4-oxatetradecanoic acid is fungicidal for Cryptococcus neoformans and inhibits replication of human immunodeficiency virus I.

Journal Article (Journal Article)

Candida albicans and Cryptococcus neoformans are major causes of systemic fungal infections, particularly in patients with acquired immunodeficiency syndrome. Metabolic labeling studies revealed that these organisms synthesize a small number of N-myristoylproteins, the most prominent being 20-kDa ADP-ribosylation factors (Arfs). C. albicans Arf has approximately 80% identity with the essential Arf1 and Arf2 proteins of Saccharomyces cerevisiae. [3H]Myristic acid analogs with oxygen for -CH2- substitutions at C4, C6, C11, and C13 are incorporated into cellular N-myristoylproteins, phospholipids, and neutral lipids produced by these three yeasts during exponential growth at 30 degrees C in complex media. Analog- and organism-specific differences in the efficiency of labeling of proteins and lipid classes were observed. The effects of oxatetradecanoic acids with oxygen for -CH2- substitutions at C3-C13 on C. neoformans, C. albicans, and S. cerevisiae were assessed during mid-log phase growth at 30 degrees C. A single dose of 3-oxa-, 4-oxa-, 5-oxa- or 6-oxatetradecanoic acid (O3-O6, final concentration = 300 microM) was able to inhibit growth of C. neoformans in the order O4 greater than O5 greater than O3 approximately O6. The other compounds were inactive. 4-Oxatetradecanoic acid was fungicidal, producing a 10,000-fold reduction in viable cell number 1 h after administration and continued suppression of cell growth for 7 h. A clear dose response was observed over a concentration range of 100-300 microM. 4-Oxatridecanoic acid was 100-fold less potent in reducing cell viability than 4-oxatetradecanoic acid but more potent than 5-oxatridecanoic acid. O4 produced approximately 10-100-fold reductions in the viability of C. albicans and S. cerevisiae at 300-500 microM, respectively, whereas O5 and O6 were less active. Since N-myristoylation of the Pr55gag polyprotein precursor produced by human immunodeficiency virus I (HIV-I) is essential for its assembly, we also assessed the antiviral effects of 4-oxatetradecanoic acid. O4 is able to produce a 50% reduction in the replication of HIV-I in acutely infected human T-lymphocyte cell lines at a concentration of 18 microM. Together, these data suggest that (i) the position of the oxygen for methylene substitution is a critical determinant of the fungicidal activity of O4 and (ii) NMT may be an attractive therapeutic target for treating opportunistic fungal infections in patients infected with HIV-I.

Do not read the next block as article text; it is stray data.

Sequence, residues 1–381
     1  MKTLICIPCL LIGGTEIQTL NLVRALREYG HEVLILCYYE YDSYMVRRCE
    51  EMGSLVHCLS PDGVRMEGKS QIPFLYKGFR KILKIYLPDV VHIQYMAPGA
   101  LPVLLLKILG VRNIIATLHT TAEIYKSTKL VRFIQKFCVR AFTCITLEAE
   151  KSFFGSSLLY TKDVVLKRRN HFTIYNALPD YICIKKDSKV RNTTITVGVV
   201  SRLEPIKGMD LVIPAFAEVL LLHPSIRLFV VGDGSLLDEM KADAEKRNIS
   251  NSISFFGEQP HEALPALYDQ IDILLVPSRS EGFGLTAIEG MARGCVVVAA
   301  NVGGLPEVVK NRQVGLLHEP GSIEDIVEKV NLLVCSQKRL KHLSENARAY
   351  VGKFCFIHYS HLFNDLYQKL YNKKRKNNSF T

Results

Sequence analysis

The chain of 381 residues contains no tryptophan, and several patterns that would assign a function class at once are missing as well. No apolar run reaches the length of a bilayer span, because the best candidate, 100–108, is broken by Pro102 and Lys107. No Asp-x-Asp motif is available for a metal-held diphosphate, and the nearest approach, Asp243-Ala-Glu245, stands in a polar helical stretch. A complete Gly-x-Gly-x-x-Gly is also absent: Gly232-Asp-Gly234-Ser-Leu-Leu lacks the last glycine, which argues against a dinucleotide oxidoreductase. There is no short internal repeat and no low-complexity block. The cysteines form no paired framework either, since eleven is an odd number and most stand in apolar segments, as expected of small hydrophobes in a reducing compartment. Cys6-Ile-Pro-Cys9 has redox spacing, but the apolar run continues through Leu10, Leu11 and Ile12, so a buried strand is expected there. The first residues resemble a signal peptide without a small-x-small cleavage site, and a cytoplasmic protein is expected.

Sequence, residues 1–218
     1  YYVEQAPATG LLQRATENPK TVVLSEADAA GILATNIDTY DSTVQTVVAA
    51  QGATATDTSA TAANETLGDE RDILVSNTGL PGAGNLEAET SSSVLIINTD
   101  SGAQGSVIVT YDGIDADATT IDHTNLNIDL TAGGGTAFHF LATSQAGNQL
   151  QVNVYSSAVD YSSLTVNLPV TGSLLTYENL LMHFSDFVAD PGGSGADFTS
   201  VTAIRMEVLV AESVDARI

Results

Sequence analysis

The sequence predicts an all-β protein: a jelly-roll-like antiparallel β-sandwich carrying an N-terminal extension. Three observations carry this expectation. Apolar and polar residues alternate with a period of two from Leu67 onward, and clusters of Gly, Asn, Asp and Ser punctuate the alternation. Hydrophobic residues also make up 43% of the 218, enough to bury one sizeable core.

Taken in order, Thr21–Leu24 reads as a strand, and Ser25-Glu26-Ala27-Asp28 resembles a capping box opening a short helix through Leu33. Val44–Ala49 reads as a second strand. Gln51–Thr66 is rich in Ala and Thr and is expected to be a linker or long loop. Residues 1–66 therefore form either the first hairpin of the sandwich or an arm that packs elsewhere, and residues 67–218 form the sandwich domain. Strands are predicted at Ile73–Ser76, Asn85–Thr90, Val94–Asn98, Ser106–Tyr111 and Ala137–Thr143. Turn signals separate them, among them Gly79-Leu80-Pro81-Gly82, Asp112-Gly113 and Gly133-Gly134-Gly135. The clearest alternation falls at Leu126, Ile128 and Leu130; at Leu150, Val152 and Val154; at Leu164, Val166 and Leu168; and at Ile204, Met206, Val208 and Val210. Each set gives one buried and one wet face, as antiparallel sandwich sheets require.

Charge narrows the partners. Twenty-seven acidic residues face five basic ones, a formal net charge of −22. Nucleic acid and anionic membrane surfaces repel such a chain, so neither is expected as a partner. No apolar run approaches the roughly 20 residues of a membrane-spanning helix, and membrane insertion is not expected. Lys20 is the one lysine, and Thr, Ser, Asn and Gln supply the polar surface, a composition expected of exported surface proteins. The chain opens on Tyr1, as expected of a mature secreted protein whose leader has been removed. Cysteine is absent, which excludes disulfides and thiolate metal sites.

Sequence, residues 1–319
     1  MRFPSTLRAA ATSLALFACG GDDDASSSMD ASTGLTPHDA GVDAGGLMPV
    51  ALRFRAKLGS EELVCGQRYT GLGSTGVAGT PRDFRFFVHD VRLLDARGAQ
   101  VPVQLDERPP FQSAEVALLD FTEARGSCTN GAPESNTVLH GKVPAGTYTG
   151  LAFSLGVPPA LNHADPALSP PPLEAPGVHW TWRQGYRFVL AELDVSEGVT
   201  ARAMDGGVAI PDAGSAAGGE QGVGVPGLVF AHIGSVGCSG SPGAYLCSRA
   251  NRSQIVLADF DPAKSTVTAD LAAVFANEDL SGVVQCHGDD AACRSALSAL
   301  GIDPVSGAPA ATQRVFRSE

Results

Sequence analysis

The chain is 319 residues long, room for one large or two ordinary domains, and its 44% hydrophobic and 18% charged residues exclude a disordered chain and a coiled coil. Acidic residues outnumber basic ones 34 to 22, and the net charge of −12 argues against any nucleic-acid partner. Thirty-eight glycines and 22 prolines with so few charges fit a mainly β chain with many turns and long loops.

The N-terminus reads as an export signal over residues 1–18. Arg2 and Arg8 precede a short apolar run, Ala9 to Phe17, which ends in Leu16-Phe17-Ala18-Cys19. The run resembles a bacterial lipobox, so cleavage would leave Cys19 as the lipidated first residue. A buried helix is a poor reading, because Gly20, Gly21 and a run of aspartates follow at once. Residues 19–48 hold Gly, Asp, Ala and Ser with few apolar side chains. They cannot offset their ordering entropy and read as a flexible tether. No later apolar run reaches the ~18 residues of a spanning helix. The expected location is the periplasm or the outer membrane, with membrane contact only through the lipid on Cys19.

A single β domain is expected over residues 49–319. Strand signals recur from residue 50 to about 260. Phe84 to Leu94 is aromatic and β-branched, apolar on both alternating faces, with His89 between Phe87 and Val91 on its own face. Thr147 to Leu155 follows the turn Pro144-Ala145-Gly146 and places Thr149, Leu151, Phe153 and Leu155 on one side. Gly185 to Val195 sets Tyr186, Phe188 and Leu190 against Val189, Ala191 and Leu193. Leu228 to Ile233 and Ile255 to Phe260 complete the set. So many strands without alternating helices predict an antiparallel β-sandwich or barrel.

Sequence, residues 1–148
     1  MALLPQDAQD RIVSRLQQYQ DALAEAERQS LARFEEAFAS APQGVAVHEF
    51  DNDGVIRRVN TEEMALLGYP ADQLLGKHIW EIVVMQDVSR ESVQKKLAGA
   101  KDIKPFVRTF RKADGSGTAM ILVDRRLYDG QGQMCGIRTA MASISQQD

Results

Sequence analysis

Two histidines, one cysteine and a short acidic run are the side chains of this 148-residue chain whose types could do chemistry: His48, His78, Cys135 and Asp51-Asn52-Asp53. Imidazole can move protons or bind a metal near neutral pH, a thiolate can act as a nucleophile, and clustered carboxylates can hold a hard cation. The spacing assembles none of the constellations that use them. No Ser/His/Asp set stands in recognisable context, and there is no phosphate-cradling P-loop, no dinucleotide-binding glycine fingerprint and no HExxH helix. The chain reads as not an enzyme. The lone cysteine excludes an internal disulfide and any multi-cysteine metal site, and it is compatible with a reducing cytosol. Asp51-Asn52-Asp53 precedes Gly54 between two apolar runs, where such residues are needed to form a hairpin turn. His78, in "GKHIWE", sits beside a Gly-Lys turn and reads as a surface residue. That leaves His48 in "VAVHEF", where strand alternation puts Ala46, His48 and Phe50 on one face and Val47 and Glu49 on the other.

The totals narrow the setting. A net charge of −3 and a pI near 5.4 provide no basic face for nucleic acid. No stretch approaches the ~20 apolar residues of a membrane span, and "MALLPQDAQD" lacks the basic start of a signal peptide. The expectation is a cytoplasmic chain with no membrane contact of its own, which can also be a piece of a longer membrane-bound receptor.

Full Text

Duke Authors

Cited Authors

  • Langner, CA; Lodge, JK; Travis, SJ; Caldwell, JE; Lu, T; Li, Q; Bryant, ML; Devadas, B; Gokel, GW; Kobayashi, GS

Published Date

  • August 25, 1992

Published In

Volume / Issue

  • 267 / 24

Start / End Page

  • 17159 - 17169

PubMed ID

  • 1512254

International Standard Serial Number (ISSN)

  • 0021-9258

Language

  • eng

Conference Location

  • United States